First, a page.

The Silicon Valley Experience, Not All Gold and Glory
Arcadian Wireless Inc, a newly-established commercial spin-off of Malaysian-based Embedded Wireless Labs (M) Sdn Bhd, is planning a Nasdaq listing or a buyout within a year. The company's president Cheam Tat-Inn said he was confident of the aggressive timeframe even though the fixed wireless player made its Silicon Valley debut only in February.
"Both options are available to us going by the many enquiries since our launch," said Cheam, who quit as Compaq Computer (M) Sdn Bhd's managing director to join the start-up in January.
The company is pushing a patented, proprietary technology called Internet Protocol Multiple Access (iPMA) as a rural access solution in emerging economies. Cheam explained that with iPMA-enabled systems, the wireless "last mile" can now be up to 50km compared with the less than 20km with conventional protocols, resulting in hefty cost savings from using fewer base stations in an area of coverage.
"It also overcomes the 'bursty' or time-sensitive data traffic drawbacks associated with CDMA (code division multiple access), TDMA (time division multiple access) or FDMA (frequency division multiple access) protocols. This is done through a process which dynamically allocates bandwidth based on traffic demands thereby eliminating the need for excess bandwidth," he said.
Cheam added the resulting efficiency translates to five to ten times more voice and Internet traffic over the same bandwidth. It took two years and an investment of US$8 million to design and develop the technology through a cross-continental collaborative effort.
Arcadian is targeting China, India and Indonesia, and countries in Eastern Europe, and remote parts of developed nations, where it is projecting high demand for wireless local loop solutions in the coming years. The company has also established a joint-venture with its largest shareholder Cape Range Wireless Ltd, a company listed on the Australian Stock Exchange, for exclusive marketing of its products in Australia, New Zealand and the State of Hawaii.
Cheam expects to attract Internet Service Providers (ISP), tele-communication product and service companies as potential partners. He suggested the company may also license the technology for other companies to innovate and develop their own products.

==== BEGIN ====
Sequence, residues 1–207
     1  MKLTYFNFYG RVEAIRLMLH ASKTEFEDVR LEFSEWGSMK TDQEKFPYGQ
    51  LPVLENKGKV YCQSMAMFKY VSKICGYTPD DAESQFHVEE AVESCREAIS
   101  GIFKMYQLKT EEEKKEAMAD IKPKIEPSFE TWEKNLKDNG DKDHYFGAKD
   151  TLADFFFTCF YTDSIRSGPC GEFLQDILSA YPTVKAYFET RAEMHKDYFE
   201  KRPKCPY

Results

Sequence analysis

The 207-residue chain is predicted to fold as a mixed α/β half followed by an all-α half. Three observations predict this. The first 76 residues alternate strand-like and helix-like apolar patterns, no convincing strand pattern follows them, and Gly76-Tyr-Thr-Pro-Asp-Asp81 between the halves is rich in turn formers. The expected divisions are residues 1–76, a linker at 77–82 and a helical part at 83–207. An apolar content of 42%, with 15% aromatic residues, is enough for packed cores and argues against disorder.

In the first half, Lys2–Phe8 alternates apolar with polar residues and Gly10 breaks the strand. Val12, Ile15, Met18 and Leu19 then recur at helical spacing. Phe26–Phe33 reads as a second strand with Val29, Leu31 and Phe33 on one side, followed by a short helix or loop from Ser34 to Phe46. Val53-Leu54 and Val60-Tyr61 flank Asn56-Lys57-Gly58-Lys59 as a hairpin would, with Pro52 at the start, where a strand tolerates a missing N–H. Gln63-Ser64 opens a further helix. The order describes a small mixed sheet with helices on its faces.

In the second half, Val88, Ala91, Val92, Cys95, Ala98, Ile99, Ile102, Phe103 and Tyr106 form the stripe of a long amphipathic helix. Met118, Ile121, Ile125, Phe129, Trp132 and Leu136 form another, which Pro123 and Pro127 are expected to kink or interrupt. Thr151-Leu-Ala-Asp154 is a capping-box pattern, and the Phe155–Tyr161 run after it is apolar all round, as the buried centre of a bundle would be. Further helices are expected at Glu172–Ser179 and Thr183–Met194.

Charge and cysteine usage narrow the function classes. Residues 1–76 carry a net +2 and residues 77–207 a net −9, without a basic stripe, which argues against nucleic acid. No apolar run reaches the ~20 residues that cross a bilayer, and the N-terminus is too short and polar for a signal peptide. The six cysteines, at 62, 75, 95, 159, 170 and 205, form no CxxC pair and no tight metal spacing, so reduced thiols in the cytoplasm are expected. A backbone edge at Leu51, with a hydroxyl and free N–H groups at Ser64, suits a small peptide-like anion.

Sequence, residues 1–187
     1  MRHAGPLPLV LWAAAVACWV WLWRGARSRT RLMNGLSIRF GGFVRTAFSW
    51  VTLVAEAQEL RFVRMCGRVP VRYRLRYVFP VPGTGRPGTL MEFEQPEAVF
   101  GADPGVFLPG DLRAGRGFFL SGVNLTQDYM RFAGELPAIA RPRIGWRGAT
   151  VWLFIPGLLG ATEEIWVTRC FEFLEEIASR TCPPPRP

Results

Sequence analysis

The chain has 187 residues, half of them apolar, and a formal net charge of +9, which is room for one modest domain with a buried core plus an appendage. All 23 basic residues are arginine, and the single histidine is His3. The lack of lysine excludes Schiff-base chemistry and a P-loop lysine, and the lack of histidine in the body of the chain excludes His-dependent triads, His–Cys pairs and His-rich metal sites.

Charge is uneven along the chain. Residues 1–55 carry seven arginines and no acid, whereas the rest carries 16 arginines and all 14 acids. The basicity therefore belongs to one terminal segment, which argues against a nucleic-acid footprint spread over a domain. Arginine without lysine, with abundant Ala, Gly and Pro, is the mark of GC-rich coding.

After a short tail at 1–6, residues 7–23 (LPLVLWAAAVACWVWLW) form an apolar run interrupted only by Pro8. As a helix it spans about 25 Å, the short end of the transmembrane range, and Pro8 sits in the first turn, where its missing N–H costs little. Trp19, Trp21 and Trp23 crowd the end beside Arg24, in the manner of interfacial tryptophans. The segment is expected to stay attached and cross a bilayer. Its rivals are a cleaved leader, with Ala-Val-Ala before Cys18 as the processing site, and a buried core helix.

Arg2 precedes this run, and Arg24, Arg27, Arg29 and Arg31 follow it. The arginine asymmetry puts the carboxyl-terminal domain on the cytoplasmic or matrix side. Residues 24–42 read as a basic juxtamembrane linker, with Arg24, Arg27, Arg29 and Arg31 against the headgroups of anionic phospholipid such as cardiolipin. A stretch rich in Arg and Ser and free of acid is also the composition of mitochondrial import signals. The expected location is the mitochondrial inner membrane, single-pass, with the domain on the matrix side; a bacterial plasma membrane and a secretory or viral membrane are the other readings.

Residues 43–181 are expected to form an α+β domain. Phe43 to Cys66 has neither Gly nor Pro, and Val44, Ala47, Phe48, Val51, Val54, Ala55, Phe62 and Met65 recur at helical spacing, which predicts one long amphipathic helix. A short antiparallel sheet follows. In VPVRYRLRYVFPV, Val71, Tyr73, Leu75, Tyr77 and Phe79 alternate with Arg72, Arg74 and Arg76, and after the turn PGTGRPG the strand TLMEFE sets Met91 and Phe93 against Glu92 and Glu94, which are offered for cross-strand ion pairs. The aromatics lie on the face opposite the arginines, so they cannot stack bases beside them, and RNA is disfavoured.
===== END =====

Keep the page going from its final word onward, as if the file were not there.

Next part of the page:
"Our presence in the Valley would be to seek strategic partnerships and access the capital markets, while the Asia Pacific office based in Malaysia will head up our sales and marketing, manufacturing, engineering, support and product development," he said.
Silicon Valley Not for All
However, two other Malaysian software companies that previously made the leap to set up base in the Valley cited cost as a deterrent to shift key staff or research and development there.
Java solutions developer BizTone.com Inc pulled out altogether in February this year, after over a year in San Jose, California and relocated its operations to Denver, Colorado.
"Although, Silicon Valley was our first, and most logical step into the US market, we found that it is unreasonably expensive to run a business and almost impossible to attract and retain staff," said CEO Darryl Carlton, who also lamented how the dotcom frenzy and stock option carrots were fueling rampant job-hopping.
The final straw for BizTone.com came when it lost its US operations head Miko Matsumura in February who left for a new start-up. The former Java chief evangelist for Sun Microsystems Inc was instrumental in incorporating BizTone.com, giving it the high profile boost it needed and paving the way for a listing.
"The Valley today is at a disadvantage when it comes to software development and engineering activities because the high expectations of those always wanting to work on ิ๔he new, new thing,' and be rewarded at a much more significant rate," said Carlton.
He believed the Valley was still an important location for marketing and business development, but for any company in start-up mode with limited funds, he suggested other locations.
Location No Longer Vital
Tim Loving, managing director of financial software developer AccTrak21 Inc, believes in an Internet-driven world geographical location may no longer be a pre-determinant for a successful software business.
"The R&D industry is intellect-based and people-intensive. If you can find the right kind of people at the right cost then that resolves the most important input requirement. That's why most of our work is still done in Malaysia," he said.
Over a year ago AccTrak21 set up an office in Santa Clara and a subsidiary company in California as a prelude to an eventual listing on the Nasdaq. "We needed a US address since we were exhibiting at shows there, and our software was getting favorable reviews in US publications. We also needed to establish a North American distribution and support operation.
"Santa Clara just happened to be our first choice. We were influenced by a mistaken belief that presence in Silicon Valley would lend credibility to our brandname. We are a bit wiser now," said Loving.
The company has since set up a Delaware company, which is likely to be the nucleus for its US expansion plans. "We believe that the East Coast of the US has been and continues to be a major contributor to the technological revolution. It's also where Wall Street is. Our analysis of US software companies by region also indicate that they are evenly spread and a Silicon Valley address has no significant impact."
by Julian Matthews, Kuala Lumpur
(May 2000 Issue, Nikkei Electronics Asia)